though much of the road has been obliterated by the tropical forest growth, parts of it are still discernible.

At one time our own government seriously contemplated the digging of a ship canal across the neck--the idea being that neutrality of the strip which the ditch passed should be secured by treaty with Mexico. Indeed, the project was strongly endorsed by the report of a surveying expedition which we sent out, headed by the late Admiral Shufeldt, who said : "A canal through the Isthmus of Tehuantepec is practically an extension of the Mississippi River to the Pacific Ocean. It converts the Gulf of Mexico

into an American lake, and in time of C.Caio Rancho

war it would close that gulf to all comers. So to speak, it renders our own territory circumnavigable.”

Not unnaturally, Mexico was suspicious of the intentions of the stronger

republic to the north of her, and did not TEMUAN TEPEC

take kindly to the plan. Perhaps she was wise ; for who can say that, if she had

accepted, she might not find herself toPĀCIFIC OCEAN

day in the situation of Panama—that is

to say, practically a vassal of the United WHERE EAds Was DISAPPOINTED.

States ? At all events, the project fell Map showing route of the ship railroad proposed by the

through, only to be superseded, later on,

by the plan of James B. Eads, the famous thirds the route from Cadiz to Cathay." engineer, to build across the isthmus a Cortez never abandoned the idea. Hav- railroad which would carry ships. At ing explored the river above mentioned each end of the route there was to be a to its source, and finding no opening terminal dock, with a sunken lifting ponthere, he was still so convinced that at toon, over which a vessel could be run, some future time commerce would press She could then be hoisted to the required across the low and narrow divide that he level, placed upon a specially-constructed asked of the Crown and obtained a grant car, and transported, with passengers and of land, through which he judged the freight, across the neck, the operation route would lie. This land is held by being reversed in order to deposit her in his descendants today, and through it the ocean on the other side. runs the Tehuantepec Railroad, which is Unfortunately, at just about this time now on the point of completion.

the project for a Nicaraguan canal was

S. Geronimo

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Isthmus of Tehuantepec

Showing the Routes of the
National Railroad of Tehuantepec

and tbe proposed

Salina Cruz

great engineer.

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brought bufore Congress, with powerful as 160 feet to the mile. As might be exinfluence behind it, and the Eads plan pected, some formidable engineering difwas defeated—though not before he had ficulties have had to be overcome by the greatly interested a vast number of peo- bridging of chasms and tunnelling of ple in it by lectures and by the exhibition hills. For a considerable distance the of a beautiful working model of the road runs through a deep cañon. proposed ship railroad. He died, how- The equipment is first-class in all reever, in 1887—since which time various spects. All the bridges are of steel, with attempts have been made to solve the abutments of solid masonry, and the Jalproblem of inter-oceanic communication tepec River is crossed by a five-span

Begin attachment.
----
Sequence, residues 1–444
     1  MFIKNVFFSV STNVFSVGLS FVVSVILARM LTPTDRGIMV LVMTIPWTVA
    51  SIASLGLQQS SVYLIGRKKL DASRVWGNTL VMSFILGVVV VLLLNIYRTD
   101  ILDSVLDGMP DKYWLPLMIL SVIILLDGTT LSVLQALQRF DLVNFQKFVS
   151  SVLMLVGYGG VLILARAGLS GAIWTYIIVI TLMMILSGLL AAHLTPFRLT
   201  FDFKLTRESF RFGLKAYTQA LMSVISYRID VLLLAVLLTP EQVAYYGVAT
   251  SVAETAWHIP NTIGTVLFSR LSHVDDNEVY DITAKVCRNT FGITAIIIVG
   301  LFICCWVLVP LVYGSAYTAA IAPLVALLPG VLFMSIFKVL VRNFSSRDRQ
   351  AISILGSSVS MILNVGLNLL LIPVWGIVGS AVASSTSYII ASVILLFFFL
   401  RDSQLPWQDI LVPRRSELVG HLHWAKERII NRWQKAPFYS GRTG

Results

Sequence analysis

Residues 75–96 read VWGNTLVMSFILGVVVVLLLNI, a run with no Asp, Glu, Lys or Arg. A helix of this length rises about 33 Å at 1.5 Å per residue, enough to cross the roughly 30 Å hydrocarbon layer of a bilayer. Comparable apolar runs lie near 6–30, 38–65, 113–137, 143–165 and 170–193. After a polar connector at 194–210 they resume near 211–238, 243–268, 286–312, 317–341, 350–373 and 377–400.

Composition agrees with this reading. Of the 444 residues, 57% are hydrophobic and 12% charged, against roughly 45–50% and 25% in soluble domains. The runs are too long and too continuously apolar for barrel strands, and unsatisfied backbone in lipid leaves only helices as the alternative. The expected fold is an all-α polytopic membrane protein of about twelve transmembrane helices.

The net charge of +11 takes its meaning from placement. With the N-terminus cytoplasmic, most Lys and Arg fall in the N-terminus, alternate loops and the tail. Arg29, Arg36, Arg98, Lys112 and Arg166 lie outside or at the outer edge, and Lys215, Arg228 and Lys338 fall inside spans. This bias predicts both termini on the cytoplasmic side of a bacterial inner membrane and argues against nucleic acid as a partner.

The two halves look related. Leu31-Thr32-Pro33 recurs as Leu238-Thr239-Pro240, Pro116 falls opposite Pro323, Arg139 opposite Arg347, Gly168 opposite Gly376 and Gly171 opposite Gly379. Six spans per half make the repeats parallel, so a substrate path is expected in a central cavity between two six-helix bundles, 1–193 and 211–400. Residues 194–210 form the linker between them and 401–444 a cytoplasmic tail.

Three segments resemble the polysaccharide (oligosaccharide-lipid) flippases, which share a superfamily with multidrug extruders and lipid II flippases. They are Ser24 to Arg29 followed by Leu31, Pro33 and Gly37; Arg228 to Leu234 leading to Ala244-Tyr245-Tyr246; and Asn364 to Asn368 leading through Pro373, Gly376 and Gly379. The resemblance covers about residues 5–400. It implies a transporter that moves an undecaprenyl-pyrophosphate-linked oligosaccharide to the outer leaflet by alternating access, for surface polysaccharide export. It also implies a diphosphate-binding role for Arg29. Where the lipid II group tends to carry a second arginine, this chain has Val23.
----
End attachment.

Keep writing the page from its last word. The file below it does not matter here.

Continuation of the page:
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by way of Tehuantepec, culminating at structure of this description 560 feet long. length in the construction of a first-class Eighty-pound rails are employed modern railroad, which, it is expected, throughout, and the road-bed is as subwill be opened for business by next Oc- stantial as possible. The gauge is the tober.

standard 4 feet, 812 inches. Oil, fetched As the crow flies, the distance from from Beaumont, Texas, in tank steamers ocean to ocean across the Isthmus of by way of Port Arthur, is utilized, instead Tehuantepec is 125 miles, but, owing to of coal, for the locomotives. It is delivnecessary divagations, the railroad is ered at Coatzacoalcos, where the com190 miles in length. Connecting the port pany has a huge storage tank with a caof Coatzacoalcos, on the Gulf side, with pacity of 1,500,000 gallons, and thence Salina Cruz, the Pacific port, it rises it is distributed to small supply tanks quite gradually from the former point to along the line. Chivela Pass, the highest part of the A very important part of this great divide, which is 730 feet above sea level. engineering problem was the construcFrom Chivela Pass the descent is rather tion of proper terminal ports, with the abrupt, the grade being in places as much requisite protection for shipping, and